All the messages he sent to Al-Muqawqis, the ruler of Egypt, Heraclius, the Emperor of the Byzantine Empire, and Al-Najashi, the king of the Kingdom of Aksum, started with salutations and greetings. Then, they were asked to let their people hear the divine message that Prophet (PBUH & HP) had and decide freely whether they want to follow it or not. The reason behind sending letters to the heads of countries and tribes was that, if the leader of a group were convinced to change his\her mind and accepted Islam, then he\she would let his\her people hear the message of Islam and invite them more easily to Islam; like what happened with Al-Najashi. Hearing the Surat Maryam and realizing the truth, he let those Muslims who had moved from Mecca to Aksum to save their lives and settle down safely in his realm. This permission caused Islam to be spread readily in that land, and many people accepted Islam willingly.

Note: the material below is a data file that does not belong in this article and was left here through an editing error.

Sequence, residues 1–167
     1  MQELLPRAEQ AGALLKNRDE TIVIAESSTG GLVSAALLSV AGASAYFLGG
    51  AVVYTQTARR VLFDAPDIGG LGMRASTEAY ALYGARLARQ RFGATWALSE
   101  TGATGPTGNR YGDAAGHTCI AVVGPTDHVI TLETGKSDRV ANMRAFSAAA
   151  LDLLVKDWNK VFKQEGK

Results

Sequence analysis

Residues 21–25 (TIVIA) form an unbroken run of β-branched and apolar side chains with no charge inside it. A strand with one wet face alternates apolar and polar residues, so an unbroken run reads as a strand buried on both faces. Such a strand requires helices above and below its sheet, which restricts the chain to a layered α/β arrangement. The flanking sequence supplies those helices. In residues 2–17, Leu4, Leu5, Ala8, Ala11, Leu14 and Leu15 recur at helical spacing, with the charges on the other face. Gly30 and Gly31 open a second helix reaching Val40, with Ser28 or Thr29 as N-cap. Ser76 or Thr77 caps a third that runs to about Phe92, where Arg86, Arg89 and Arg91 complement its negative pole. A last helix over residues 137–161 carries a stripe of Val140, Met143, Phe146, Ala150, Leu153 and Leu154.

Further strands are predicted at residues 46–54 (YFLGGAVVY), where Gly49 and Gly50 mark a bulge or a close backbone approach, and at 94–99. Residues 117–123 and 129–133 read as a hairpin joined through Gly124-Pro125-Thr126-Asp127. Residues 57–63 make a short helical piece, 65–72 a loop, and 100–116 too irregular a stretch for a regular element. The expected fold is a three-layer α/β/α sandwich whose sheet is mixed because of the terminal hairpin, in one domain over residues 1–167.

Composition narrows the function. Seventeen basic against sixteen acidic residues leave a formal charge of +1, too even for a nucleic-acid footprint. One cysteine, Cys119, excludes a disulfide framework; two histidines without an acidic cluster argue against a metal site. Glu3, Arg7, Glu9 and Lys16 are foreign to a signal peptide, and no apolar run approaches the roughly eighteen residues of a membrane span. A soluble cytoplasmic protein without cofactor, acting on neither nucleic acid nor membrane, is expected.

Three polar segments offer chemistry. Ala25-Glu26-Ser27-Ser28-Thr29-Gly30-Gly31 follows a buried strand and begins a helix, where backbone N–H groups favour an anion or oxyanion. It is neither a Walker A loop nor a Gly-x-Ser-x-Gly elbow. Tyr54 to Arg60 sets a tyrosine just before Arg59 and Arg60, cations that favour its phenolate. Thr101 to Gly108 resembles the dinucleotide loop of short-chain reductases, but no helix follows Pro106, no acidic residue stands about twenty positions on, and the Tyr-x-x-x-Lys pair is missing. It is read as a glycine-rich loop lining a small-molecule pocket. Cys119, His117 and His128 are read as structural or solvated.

This matches the principles of “peaceful coexistence” and “religious coexistence” that are encouraged in Islam : “Say, ‘O People of the Book! Come to a common word between us and you: that we will worship no one but Allah, that we will not ascribe any partner to Him, and that some of us will not take some others as lords besides Allah.” (3:64).